Understanding Accommodations Needed

By Courtney Tabor-... on Nov 28, 2016

As students prepare to transition from school to adult life, they also become responsible for requesting, obtaining, and advocating for their own accommodations. For most students, this is a huge responsibility to take on, the breadth of which may be difficult to fully comprehend. Many students are used to their accommodations being planned and provided for them by their IEP team, but have taken little part in this process.

The following activity encourages students to become aware of and think critically about the accommodations they receive at school.


  • Writing materials or another format for the student to record information
  • Copy of the student’s IEP


  1. Ask student to make a list of all of the accommodations she currently receives in school. Try not to do too much coaching beforehand; this is just to get the student’s mind flowing and to start a conversation.
  2. Obtain a copy of the student’s IEP. If the student is able, ask her to obtain a copy. This will be a good exercise for her to figure out who to ask and how to find the information she needs. Can she get a copy of the IEP in an accessible format?
  3. Together with the student, consult the accommodations page of the IEP. Review the accommodations with her, comparing them with the list she made. Were there any things she missed?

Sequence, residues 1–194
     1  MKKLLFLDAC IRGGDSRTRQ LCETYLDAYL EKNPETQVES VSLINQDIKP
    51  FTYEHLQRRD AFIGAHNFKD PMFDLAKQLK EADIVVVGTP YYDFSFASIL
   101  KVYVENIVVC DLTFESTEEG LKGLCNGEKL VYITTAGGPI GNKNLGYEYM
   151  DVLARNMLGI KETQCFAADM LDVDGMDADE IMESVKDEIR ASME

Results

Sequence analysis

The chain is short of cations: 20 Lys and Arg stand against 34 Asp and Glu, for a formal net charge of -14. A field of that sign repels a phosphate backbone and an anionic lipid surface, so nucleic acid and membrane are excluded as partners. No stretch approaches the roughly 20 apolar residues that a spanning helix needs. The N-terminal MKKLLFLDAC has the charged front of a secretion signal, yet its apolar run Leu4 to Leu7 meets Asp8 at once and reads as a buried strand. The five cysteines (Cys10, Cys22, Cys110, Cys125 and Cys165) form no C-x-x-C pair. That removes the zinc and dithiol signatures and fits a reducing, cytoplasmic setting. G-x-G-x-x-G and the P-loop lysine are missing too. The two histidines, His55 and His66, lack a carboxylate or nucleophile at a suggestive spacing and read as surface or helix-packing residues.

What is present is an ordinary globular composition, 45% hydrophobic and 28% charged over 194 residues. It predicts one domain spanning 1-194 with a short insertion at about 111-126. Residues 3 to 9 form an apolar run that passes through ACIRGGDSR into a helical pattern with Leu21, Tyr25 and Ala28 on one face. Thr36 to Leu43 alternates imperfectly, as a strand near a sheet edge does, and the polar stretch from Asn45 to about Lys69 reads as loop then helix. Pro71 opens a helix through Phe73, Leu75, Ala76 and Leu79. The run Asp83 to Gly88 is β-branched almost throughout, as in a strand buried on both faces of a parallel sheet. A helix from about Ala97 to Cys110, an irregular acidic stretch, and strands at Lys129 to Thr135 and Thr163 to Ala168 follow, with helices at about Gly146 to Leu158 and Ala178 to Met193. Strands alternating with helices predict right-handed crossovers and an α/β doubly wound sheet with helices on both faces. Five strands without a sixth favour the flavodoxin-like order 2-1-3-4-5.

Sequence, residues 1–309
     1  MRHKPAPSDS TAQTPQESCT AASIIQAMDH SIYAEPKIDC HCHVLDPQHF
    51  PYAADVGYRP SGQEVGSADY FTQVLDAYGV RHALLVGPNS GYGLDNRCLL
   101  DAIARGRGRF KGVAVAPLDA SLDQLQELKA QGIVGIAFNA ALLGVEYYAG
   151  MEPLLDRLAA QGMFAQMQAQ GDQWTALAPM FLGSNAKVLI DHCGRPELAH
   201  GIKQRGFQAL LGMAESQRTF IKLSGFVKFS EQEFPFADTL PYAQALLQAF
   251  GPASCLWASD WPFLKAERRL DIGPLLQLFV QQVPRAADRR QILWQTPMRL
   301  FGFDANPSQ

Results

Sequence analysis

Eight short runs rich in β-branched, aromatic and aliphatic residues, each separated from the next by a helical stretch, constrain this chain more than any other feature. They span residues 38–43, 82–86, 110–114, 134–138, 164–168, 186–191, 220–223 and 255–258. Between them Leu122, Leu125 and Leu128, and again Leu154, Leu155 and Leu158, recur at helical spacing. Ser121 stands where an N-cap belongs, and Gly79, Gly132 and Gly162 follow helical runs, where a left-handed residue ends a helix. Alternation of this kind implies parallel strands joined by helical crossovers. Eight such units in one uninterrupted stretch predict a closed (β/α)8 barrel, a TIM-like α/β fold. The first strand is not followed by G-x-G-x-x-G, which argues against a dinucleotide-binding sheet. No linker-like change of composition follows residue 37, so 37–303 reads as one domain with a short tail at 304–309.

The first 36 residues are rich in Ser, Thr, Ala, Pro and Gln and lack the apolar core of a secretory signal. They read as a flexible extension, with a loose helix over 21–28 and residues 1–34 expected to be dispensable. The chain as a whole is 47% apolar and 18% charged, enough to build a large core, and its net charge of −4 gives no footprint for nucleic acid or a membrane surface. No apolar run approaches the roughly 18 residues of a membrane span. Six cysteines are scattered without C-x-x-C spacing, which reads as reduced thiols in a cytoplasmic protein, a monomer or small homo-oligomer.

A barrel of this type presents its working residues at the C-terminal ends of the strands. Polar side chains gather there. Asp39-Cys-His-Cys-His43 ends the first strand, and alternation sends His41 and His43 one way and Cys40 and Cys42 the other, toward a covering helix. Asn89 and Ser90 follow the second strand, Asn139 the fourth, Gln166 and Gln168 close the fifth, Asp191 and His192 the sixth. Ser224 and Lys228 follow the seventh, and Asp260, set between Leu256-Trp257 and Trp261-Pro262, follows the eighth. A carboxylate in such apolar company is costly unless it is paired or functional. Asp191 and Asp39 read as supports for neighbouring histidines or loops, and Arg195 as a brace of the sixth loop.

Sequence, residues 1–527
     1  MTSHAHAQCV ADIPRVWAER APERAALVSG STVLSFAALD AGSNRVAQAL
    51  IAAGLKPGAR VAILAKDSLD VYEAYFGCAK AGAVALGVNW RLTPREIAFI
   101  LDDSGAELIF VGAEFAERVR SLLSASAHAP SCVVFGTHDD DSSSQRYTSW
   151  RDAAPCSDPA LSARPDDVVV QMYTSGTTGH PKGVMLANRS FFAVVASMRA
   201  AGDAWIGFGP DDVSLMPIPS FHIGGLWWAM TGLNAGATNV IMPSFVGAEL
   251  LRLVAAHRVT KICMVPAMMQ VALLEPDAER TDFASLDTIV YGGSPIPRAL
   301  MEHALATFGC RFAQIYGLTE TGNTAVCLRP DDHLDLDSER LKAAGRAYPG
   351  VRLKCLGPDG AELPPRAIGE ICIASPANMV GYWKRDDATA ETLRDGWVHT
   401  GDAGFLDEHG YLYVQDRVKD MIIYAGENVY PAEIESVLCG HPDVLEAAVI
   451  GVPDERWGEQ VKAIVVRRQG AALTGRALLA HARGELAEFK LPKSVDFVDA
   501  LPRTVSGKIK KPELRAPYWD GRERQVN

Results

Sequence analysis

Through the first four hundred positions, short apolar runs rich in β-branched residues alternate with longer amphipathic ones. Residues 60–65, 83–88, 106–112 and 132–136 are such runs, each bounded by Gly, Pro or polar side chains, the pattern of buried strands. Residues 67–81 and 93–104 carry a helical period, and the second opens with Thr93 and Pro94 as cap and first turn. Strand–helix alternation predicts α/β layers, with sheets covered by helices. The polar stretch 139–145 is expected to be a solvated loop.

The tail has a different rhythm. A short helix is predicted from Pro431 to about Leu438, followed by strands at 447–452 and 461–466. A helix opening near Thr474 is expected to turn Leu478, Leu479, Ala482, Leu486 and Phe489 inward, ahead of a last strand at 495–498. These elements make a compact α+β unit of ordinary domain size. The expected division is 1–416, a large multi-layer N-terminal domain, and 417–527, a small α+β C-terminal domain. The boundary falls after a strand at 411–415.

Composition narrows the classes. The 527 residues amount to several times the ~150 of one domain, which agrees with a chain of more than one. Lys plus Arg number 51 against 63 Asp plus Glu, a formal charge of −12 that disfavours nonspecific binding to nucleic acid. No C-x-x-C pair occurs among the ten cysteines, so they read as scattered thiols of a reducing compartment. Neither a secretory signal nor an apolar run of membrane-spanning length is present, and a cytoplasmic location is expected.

4. Using the list of accommodations on her IEP, ask the student to reflect on the following:
    • Are these accommodations working for me?
    • Are there any that I feel I don’t need?
    • Are there any I wish I had that are not listed?
  5. Continue to reference the IEP accommodations page with the student over time. This list will be helpful as the student prepares for employment and/or post-secondary education.


Many students may find this activity too involved or complex. Alternatives include:

  • Have a conversation with a student about what an accommodation is
  • Through hands-on examples, help the student to identify some accommodations she uses throughout her day
  • Create a social story with the student about what it means to get help and some of the things that help her. For example, “My wheelchair helps me to get to my classroom” or “When I’m upset and need to take a break, music helps me to feel calm.”

Accommodations collage

Total Life Learning by Wendy Bridgeo,‎ Beth Caruso,‎ & Mary Zatta

Cover of Total Life Learning

The Total Life Learning curriculum was developed for students ages 3 to 22 who are blind, visually impaired including those students who have additional disabilities or are deafblind. The focus is on the development of life and career goals that enable student to maximize independence, self-determination, employability, and participation in the community.